While you'll never tire of drinking too much, the bar food that ostensibly keeps you from getting too faded, man, can be as disappointing as its lack of effectiveness. Switching things up with a full Japanese lineup, Shoya
Decked out with dark wood-paneled walls, an open kitchen, a giant ceiling-hung paper lantern, and private rooms featuring tatami mat flooring, Shoya's a Japanese izakaya: an Asian drinkery also serving group-friendly, tapas-style biteables, aka MarvAlbertables. In keeping with historic customs, they'll seat you at mats around a low table, toss you some oshibori (hot towels to clean your hands), and make with the hooch: your choice of potato-distilled Shochu on the rocks (Taiso, Kannoko, etc), ceramic pitchers of draft Sapporo, 500ml bottled Japanese brews (Asahi Super Dry, Kirin Ichiban), single or double servings of scotch (eg, 12-year aged Yamazaki), or, of course, sake, from cold house Gekkeikan, to the sweet-sipping Kudoki-Jozu, to very dry Sawanoi from the "Country Sake" collection -- which is bound to spur impromptu line-drinking. Eating isn't mandatory, but if you wish to do it the traditional way, start with five-piece sashimi apps (flounder, assorted shellfish...), then continue with grilled "Yakimono" (eg, bacon-wrapped asparagus), steamed "Mushimono" (thin-sliced beef seiro w/ ponzu & sesame sauce), a simmered dish (buta kakuni pork bellies in soy sauce), something fried (lotus root chips w/ lemon), and finally, a vinegar'd salad, pickles, miso soup, and gohan rice, which you should never mess with, despite it not being funny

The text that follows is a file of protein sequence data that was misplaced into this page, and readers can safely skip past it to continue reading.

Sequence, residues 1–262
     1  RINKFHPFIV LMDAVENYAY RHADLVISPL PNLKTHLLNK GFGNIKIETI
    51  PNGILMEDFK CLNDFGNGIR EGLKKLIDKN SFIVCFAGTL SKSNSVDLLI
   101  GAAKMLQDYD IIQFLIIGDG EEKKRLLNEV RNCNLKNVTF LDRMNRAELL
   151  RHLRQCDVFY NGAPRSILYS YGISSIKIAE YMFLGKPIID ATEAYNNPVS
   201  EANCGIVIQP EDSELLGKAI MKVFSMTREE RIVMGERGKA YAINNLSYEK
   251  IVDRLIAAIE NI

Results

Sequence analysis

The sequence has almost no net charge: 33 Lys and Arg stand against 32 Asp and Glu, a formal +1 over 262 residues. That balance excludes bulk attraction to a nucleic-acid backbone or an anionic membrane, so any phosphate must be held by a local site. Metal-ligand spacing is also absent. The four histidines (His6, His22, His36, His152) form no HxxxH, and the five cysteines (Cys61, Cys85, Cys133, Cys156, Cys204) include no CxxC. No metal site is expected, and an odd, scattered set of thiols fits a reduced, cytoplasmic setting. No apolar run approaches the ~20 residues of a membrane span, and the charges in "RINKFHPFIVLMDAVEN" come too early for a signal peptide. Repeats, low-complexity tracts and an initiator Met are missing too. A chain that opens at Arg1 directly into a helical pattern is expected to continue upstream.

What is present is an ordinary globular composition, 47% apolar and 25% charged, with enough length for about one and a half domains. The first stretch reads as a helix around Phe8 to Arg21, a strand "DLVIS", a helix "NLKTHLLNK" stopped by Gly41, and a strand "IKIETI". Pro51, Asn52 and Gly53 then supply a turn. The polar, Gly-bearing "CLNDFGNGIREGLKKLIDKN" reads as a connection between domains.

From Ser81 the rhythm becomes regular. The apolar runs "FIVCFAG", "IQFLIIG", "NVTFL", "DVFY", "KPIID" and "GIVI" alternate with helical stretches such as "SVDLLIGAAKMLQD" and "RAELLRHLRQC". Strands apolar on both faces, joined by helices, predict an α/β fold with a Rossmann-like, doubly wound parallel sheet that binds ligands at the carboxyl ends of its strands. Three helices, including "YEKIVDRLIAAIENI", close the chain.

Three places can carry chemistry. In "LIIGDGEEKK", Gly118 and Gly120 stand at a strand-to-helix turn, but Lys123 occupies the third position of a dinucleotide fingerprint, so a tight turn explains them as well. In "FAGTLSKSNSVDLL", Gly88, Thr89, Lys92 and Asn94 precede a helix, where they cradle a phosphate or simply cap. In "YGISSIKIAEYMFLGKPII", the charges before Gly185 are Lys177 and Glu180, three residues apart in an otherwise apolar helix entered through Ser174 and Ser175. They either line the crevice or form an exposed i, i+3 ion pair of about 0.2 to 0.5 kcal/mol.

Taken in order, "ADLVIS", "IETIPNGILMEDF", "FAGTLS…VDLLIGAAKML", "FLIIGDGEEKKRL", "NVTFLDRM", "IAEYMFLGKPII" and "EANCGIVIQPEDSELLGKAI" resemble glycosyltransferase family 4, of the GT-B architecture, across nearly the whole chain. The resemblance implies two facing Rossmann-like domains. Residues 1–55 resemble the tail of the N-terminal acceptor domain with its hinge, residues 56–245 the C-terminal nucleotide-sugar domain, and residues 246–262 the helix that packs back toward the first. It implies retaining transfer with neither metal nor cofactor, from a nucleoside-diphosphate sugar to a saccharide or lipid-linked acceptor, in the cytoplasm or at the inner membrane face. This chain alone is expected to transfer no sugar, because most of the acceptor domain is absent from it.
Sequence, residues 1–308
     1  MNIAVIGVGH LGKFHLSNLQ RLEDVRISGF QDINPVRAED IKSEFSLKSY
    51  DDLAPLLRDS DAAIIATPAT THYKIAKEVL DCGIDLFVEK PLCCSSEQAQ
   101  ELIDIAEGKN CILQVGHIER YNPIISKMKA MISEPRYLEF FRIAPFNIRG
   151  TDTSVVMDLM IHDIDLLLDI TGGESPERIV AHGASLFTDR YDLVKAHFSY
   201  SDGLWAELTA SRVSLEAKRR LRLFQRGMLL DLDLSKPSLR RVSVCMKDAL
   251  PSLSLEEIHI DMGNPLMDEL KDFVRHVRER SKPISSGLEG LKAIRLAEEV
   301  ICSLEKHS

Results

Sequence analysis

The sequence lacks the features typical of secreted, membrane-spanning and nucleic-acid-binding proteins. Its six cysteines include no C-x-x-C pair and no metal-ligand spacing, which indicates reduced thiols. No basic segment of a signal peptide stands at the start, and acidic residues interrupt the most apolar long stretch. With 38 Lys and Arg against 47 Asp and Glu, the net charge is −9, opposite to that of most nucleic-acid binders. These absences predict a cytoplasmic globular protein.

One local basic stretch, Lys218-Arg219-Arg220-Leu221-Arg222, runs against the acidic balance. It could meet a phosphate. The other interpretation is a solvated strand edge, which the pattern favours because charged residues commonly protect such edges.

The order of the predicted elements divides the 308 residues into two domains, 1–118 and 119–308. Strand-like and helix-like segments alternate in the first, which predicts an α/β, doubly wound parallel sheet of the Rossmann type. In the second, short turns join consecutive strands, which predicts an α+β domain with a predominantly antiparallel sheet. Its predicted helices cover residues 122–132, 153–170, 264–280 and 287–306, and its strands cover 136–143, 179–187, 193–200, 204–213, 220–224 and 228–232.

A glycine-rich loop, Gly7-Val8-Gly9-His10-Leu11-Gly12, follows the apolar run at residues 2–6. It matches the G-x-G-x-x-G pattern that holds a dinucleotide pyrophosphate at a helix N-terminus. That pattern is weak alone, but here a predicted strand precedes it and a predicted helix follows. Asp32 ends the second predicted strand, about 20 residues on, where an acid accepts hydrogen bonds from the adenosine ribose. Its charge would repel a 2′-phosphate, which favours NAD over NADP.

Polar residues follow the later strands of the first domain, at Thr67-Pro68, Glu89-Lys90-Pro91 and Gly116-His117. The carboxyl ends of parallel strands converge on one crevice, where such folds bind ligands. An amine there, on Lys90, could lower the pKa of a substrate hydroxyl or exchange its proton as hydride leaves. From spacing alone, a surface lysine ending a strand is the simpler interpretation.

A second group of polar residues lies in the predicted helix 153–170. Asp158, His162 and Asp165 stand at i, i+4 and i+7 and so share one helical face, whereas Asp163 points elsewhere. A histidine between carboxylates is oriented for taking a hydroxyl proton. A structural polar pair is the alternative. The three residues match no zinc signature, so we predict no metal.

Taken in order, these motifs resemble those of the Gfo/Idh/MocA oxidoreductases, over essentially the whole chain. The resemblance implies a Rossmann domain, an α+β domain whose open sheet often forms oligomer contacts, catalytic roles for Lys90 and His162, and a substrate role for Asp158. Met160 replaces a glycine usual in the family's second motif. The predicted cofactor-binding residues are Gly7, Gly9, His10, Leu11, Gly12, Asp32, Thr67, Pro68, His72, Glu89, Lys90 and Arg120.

If you want to get even fatter, there're sweet desserts like Strawberry Mochi ice cream w/ crispy rice cakes, Pudding a la Mode, and green tea ice-creamed Japanese Jello -- which you'll never tire of eating too much of, as there's always room for it.